# glGetUniformLocation Returns -1

I've been trying to develop shaders that would allow me to easily display text on screen using a font texture. I've previously written shaders that simply drew the text on screen and I passed the exact coordinates for the vertices and UV coordinates to the shaders. With my new shaders, I'm trying to pass just a single point for each letter, representing the bottom left corner each letter, as well as a single point for the UV coordinate of the letter, representing its location on the font texture. I then use a geometry shader to generate the triangles and UV coordinates necessary to draw the letters. Here is my code for the shaders:

#version 330
layout(location = 0) in vec2 vertexPosition;
layout(location = 1) in vec2 vertexUV;
layout(location = 2) in float textSize;
uniform unsigned int textureX;
uniform unsigned int textureY;
out VertexData
{
vec2 uv;
float textSize;
} outputData;
void main()
{
// Represents the bottom left corner
gl_Position = vec4(vertexPosition, 0.0f, 1.0f);
// Convert the UV coordinates from [0, textureX - 1] to [0, 1]
outputData.uv = vertexUV / vec2(textureX, textureY);
outputData.textSize = textSize;
}


#version 330
layout(points) in;
layout(triangle_strip, max_vertices = 6) out;
uniform unsigned int textureX;
uniform unsigned int textureY;
in VertexData
{
vec2 uv;
float textSize;
} inputData[];
out FragmentData
{
vec2 uv;
} outputData;
void main()
{
float textureWidth = 1.0f / textureX;
float textureHeight = 1.0f / textureY;
// Calculate the vertices
vec2 brCorner = vec2(gl_in[0].gl_Position) + vec2(inputData[0].textSize, 0.0f);
vec2 tlCorner = vec2(gl_in[0].gl_Position) + vec2(0.0f, inputData[0].textSize);
vec2 trCorner = vec2(gl_in[0].gl_Position) + vec2(inputData[0].textSize, inputData[0].textSize);
vec2 uvBR = inputData[0].uv + vec2(textureWidth, 0.0f);
vec2 uvTL = inputData[0].uv + vec2(0.0f, textureHeight);
vec2 uvTR = inputData[0].uv + vec2(textureWidth, textureHeight);
gl_Position = vec4(tlCorner, 0.0f, 1.0f);
outputData.uv = uvTL;
EmitVertex();
gl_Position = gl_in[0].gl_Position;
outputData.uv = inputData[0].uv;
EmitVertex();
gl_Position = vec4(trCorner, 0.0f, 1.0f);
outputData.uv = uvTR;
EmitVertex();
EndPrimitive();
gl_Position = gl_in[0].gl_Position;
outputData.uv = inputData[0].uv;
EmitVertex();
gl_Position = vec4(brCorner, 0.0f, 1.0f);
outputData.uv = uvBR;
EmitVertex();
gl_Position = vec4(trCorner, 0.0f, 1.0f);
outputData.uv = uvTR;
EmitVertex();
EndPrimitive();
}


#version 330 core
in FragData
{
vec2 uv;
} inputData;
out vec4 color;
uniform sampler2D textureSampler;
void main()
{
color = texture2D(textureSampler, inputData.uv);
}


When I call glGetUniformLocation for the textureSampler uniform in my fragment shader, I get a valid uniform location back. However, when I call glGetUniformLocation for textureX and textureY, glGetUniformLocation returns -1. When I searched for what could cause this, the main cause of this issue is usually the compiler optimizing the variable out as it's not used. I don't believe this to be true in my case, but I have no idea what could be causing glGetUniformLocation to return -1 for this.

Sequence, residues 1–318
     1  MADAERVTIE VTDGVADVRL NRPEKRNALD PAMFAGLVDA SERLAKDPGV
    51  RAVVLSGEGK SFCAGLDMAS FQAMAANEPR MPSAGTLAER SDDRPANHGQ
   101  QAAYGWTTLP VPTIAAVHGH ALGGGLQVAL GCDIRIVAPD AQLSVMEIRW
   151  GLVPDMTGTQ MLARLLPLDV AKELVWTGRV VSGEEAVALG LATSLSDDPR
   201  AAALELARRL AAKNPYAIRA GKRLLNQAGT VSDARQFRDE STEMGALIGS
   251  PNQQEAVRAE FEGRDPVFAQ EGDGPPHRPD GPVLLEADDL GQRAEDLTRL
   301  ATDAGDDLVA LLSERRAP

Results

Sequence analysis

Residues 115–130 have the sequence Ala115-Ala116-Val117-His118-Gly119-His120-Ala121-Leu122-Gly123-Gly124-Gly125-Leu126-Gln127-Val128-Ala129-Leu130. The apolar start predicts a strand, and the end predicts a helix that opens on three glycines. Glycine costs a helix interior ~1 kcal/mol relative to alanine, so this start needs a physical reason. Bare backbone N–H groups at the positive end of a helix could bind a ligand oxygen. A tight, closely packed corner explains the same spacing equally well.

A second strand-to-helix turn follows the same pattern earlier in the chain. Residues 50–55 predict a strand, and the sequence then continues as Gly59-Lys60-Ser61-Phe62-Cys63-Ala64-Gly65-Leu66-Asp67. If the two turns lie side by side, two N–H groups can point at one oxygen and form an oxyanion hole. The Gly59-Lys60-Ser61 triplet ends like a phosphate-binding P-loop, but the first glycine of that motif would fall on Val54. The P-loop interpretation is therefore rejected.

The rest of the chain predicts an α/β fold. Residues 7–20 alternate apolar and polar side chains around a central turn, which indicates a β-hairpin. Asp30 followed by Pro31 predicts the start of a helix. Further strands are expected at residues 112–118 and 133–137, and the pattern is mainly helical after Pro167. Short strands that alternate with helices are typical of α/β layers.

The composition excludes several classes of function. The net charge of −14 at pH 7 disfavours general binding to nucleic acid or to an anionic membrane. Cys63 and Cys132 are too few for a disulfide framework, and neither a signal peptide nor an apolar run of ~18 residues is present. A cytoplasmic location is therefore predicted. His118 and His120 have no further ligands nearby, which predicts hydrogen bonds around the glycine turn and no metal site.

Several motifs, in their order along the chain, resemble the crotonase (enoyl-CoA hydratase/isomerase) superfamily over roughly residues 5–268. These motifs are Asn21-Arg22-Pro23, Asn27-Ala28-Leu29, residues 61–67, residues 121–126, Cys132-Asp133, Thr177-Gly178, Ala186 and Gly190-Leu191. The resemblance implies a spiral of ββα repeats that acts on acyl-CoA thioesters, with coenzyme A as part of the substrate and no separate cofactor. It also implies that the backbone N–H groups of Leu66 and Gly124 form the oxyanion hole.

Edit: After reading Andon M. Coleman's excellent answer on how active uniforms are determined, I discovered the issue. The name of the struct the geometry shader outputs and the name of the struct the fragment shader accepts are different-

out FragmentData
{
vec2 uv;
} outputData;


in FragData
{
vec2 uv;
} inputData;


After changing the structs to share the same name, I am able to get a valid uniform location back.

• Have you double-checked the usual silly things, like: are you attaching the geometry shader to the program? Are there any GL errors/warnings coming back from the compile and link? Are you using KHR_debug to see errors/warnings from the driver? – Nathan Reed Jan 7 '14 at 5:05
• You might consider using uniform buffer objects and glUniformBlockBinding. – Sean Middleditch Jan 7 '14 at 5:27
• @NathanReed I've checked to make sure that I'm attaching the geometry shader and there's no errors/warnings from the compile and link. I've never heard of KHR_debug before, but I'll check it out and learn how to use it. – Shadow Jan 7 '14 at 5:50
• Hopefully this is just an experiment for fun / to learn how geometry shaders work. You are not going to get a performance gain by doing this; generally geometry shaders hurt performance rather than improve it. In any case, having traced the path all instances of your textureX and textureY uniform take, the only scenario in which they are not linked to an active code path would be if you did not attach your geometry shader. The easiest way to see if this is the culprit, would be to add the uniforms to your fragment shader and try sampling your texture using vec2 (textureX, textureY) – Andon M. Coleman Jan 7 '14 at 7:03
• @AndonM.Coleman Thanks a ton for your suggestion on adding the uniforms to the fragment shader! Having done that, I get a valid uniform location. I'm unclear as to why that worked however; even if my geometry shader was not attached to the program, I have the uniforms in my vertex shader as well. I'll also look into the performance of geometry shaders more as well, as I was unaware that they could have a severe negative effect. – Shadow Jan 7 '14 at 7:16

Since there was a little bit of confusion in the comments regarding what is required for a uniform to be active, I will try to explain it here.

The first thing you need to understand is that in OpenGL, GLSL programs are built in two phases:

1. Compile

These are analogous to compiling and linking in a language like C, except some implementations of GLSL (e.g. NVIDIA) actually "compile" your shader in both phases. The most important thing that happens in the Compile phase is that general parse / syntax errors are caught, and inputs and outputs are determined.